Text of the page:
There are few constants in this world. Tim Burton will make obnoxious and unnecessary remakes, The Wonder Years will never be released onto DVD, and the Sesame Street characters will always break into spontaneous sing-alongs. And what better time for a sing-along than Christmas?
In 1984, Ernie, Bert, Cookie Monster, Big Bird, Oscar, Grover, Bob, Susan, Gordon, and Olivia got together to belt out a few Christmas carols in the Sesame Street Christmas Sing-Along LP. (Note for the yung’uns: LPs were kinda like CDs [Note for the really yung’uns: CDs were kinda like MP3s]).
Unlike Bert & Ernie’s Sing-Along and Sesame Street Sing-Along, this album doesn’t have a narrative running through it. There’s no road trip to Bert’s uncle’s house, there’s no party in Bert’s bathroom, just some boring old Christmas cheer. Bah humbug.
The first track on the album starts off with a bang. The whole cast joins in on “Christmas Sing Along”, which is a Christmas song about singing a Christmas song. Double meta! We also get to hear Caroll Spinney and Frank Oz jump back and forth between their characters as if Big Bird and Oscar and Grover and Bert and Cookie Monster were all actually in the room together. When the song segues into “Deck the Halls”, we get our first glimpse at the lack of a story: Oscar sings a verse! That’s right, two minutes into this record and Oscar’s already in the Christmas spirit. So much for character growth!
The Muppets keep those old Christmas standards (which, I admit, I often find boring) interesting by playing with the musical styles. For example, in “Santa Claus is Coming to Town”, the song ends on a jazzy kick-line. I can totally picture all the characters linking arms and kicking high into the air. Y’know, the ones who have legs.
Here’s a question: Why isn’t “Counting the Days” played on the radio amongst the likes of “Happy Xmas (War is Over)” and “Do They Know It’s Christmas”? This song rocks hard. Well, it doo-wops hard, but either way it’s already way hipper than “Jingle Bell Rock”. In the song, Big Bird, Ernie, and Cookie Monster lament the fact that they have to wait for Christmas, while Oscar can’t wait for it to be over. But once again, story arcs are tossed out the window as Oscar changes his mind and joins everyone else for the final chorus without explanation. His inconsistency drive me crazy! Which is probably exactly the sort of response he’d love to get.
One of the real highlights of the album is “Let It Snow”, which is remarkable for the instrumental bridge when Bert can be heard saying things like “Mercy mercy!”, “Right on, right on!”, and “This is a wonderful type of tune!” By Odin’s beard, do I love that nerdy Muppet!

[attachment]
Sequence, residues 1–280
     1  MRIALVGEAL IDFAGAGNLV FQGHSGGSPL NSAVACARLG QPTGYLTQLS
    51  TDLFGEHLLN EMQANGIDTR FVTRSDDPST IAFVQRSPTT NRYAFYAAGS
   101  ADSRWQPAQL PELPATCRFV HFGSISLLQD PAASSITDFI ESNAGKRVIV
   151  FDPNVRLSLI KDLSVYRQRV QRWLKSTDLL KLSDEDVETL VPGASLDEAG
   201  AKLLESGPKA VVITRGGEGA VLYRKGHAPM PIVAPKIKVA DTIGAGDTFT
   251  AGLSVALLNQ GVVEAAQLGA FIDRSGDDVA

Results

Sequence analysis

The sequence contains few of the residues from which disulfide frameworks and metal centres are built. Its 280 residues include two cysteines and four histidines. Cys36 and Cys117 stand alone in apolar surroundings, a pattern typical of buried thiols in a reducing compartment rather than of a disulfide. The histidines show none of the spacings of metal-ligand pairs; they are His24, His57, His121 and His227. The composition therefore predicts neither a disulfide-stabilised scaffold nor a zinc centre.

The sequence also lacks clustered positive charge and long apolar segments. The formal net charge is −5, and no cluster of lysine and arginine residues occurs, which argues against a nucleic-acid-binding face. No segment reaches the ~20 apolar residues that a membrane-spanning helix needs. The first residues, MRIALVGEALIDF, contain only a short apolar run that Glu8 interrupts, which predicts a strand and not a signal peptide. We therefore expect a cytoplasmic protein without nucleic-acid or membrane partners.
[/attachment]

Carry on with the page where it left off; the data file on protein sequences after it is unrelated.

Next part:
The low point for me is “The Twelve Days of Christmas”. The Muppets have done this song a few times, and some of them stand out as the most memorable renditions of that song ever. Who doesn’t love Miss Piggy’s “Ba-dum-dum-dum” and Bert’s “Five Argyle Socks”? Unfortunately, this version is totally straight-forward, using the common lyrics and lacking anything to compare it to what they did before. Christmas fail!
I don’t know why, but I enjoyed Bert and Ernie’s “Silver Bells”. It’s played down, so it ends up being a sweet duet between the two roomies. But Bert’s voice slowed down and low like this makes him sound like he’s yawning through the whole song. Which is kinda hilarious if you choose to picture him doing that. And it makes sense, what with his love of the boring.
“Frosty the Snowman” is another genre-flipping song, as Gordon sings it as a calypso. It’s a fun ditty, but the highlight is at the end when the cast says goodbye to Frosty, and Oscar says, “Goodbye! I hope you melt!” And then Frosty sank into a deep depression and fell into a sewer grate, never to be seen again.
You can’t have a Sesame Street Christmas sing-along without Bob breaking into “Keep Christmas With You.” Well, maybe you can, but we’ll never know. I love this song, and I’ll never get tired of it (especially when it’s sung by Bob McGrath). It’s funny how the song suggests that you keep Christmas with you all through the year, but then the song is only sung at Christmastime. Maybe people would find it easier to keep Christmas in July if Bob sang this song more often as a reminder.
The album ends with “We Wish You a Merry Christmas”, and somehow the characters miss the point of the song and make it all about figgy pudding. Bert likes frosting on his! Oscar demands his figgy pudding right now! Cookie Monster something something cookies! You get the idea.
These old records really make me miss the old days when we honestly believed that our good friends from Sesame Street were inside our record players. There’s an energy to the performances and a down-to-earth quality that I haven’t heard in years. And when it comes to Christmas, these are the people (and birds and grouches and monsters) I want to celebrate with. Especially if that celebration comes in sing-along form.
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by Joe Hennes – Joe@ToughPigs.com
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